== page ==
By Stalin. S, Caritas India and Caritas staff
“It was almost 11 pm when water rushed into our village,” said Susil Kumar. His village was one of the hundreds to be washed away when floods devastated Bihar in India this year.
“Within no time the water level reached more than four feet. All our belongings and our small house were washed away by the raging waters.”
He was lucky to escape with his wife Kadi Devi and their one year old child to the roof of the local school as the water rushed through his village with tremendous force. They stayed on the roof for six days until rescued by boat.
Caritas Internationalis is appealing for US$5,600,000 to help survivors with food, temporary shelter, hygiene kits and medical supplies and healthcare through 300 clinics.
Caritas members are supporting Caritas India’s operations to provide food, temporary shelter and household items to 270,000 people forced from their homes by flooding in India.
The Kumar family now live on the side of a canal in Ballari village. Life under a plastic roof isn’t easy. There are thousands of families living on this bank. All of them have gone through the same fate.
Finding enough food is always an uncertainty under these circumstances. They are leading an isolated life on this bank, where accessibility from the main land is limited.
Caritas India organized a medical camp and a food distribution programme in this area to provide some relief against the struggles the people are going through.
“Four days back suddenly my child had fever and fell unconscious. There was no medical assistance available here. So we carried our child almost 5 kms away from here and reached a clinic where my child had been given an injection which saved his life” reports Susil kumar.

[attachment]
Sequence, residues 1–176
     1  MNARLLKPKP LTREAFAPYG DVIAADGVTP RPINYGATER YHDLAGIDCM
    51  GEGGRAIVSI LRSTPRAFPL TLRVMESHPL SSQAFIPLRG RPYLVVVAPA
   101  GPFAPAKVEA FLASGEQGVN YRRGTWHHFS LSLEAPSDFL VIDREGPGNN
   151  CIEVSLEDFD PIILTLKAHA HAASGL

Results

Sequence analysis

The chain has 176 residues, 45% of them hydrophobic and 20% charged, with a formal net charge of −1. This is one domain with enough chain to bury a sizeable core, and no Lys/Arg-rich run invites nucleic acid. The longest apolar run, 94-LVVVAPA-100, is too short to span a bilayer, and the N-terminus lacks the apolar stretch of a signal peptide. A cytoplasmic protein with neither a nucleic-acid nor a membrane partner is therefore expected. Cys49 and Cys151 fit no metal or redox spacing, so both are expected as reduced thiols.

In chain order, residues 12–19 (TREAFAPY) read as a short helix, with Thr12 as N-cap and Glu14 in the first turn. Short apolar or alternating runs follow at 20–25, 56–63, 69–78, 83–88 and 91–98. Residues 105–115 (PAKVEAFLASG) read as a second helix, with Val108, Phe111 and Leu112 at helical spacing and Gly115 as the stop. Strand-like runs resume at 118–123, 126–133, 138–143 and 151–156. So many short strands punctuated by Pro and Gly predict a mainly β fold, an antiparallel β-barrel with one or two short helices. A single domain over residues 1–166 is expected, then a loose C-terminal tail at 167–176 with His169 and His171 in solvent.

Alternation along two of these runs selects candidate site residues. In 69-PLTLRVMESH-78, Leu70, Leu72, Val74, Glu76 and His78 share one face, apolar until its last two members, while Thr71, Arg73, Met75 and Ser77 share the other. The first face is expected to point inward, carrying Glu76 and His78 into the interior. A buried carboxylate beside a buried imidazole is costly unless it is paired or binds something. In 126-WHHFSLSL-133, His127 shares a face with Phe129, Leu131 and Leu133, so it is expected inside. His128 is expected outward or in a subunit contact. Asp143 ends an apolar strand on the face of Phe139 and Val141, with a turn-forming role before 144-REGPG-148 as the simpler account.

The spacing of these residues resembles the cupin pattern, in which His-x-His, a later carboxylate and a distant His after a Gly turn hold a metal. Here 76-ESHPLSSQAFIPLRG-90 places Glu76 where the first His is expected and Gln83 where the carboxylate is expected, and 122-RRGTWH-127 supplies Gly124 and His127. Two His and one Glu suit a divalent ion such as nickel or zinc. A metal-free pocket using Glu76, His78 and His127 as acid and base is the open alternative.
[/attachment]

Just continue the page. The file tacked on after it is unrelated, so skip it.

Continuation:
Most of the people here are struggling with different types of ailments. Medical attention for these people is yet to be started by the government. Meanwhile Caritas India along with the operating partners in Madhepura has conducted two medical camps so far in these areas.
“Today we got some medicines for our child from the medical camp conducted here by Caritas. We are not sure the next time when we will get some medical support,” said his wife.
Water reached the River Ganges from the River Kosi in Bihar forcing the Ganges to change its course. When the river over-flooded its bank and changed its course it swallowed the agricultural lands on its bank.
“Ganga maa (mother) has been feeding us from the time of our forefathers.. She (the Ganges) gave us everything and now, she has taken back whatever she gave us” said Saligram Mandal, a farmer in a village in Bhagalpur supported by Caritas, the only aid agency reaching the area.
The River Ganges now flows through his small plot of land.
The rehabilitation process may take years because all the flooded agricultural lands have been deposited with huge amount of mud and sand. Reclamation of the land is going to be a herculean task.
Many have given up hope of ever being able to farm their gain.
“I don’t know what to do now. There is no way in front of me. I am thinking of going to Punjab to find out some agricultural work to protect my family. Apart from that there is no other option for people in our village,” said Sree Bilas Mandal, another farmer in the village.
Every disaster leaves its trails behind for the next generation. A river runs through the lives of people.
Stalin. S is a Communications Officer with Caritas India.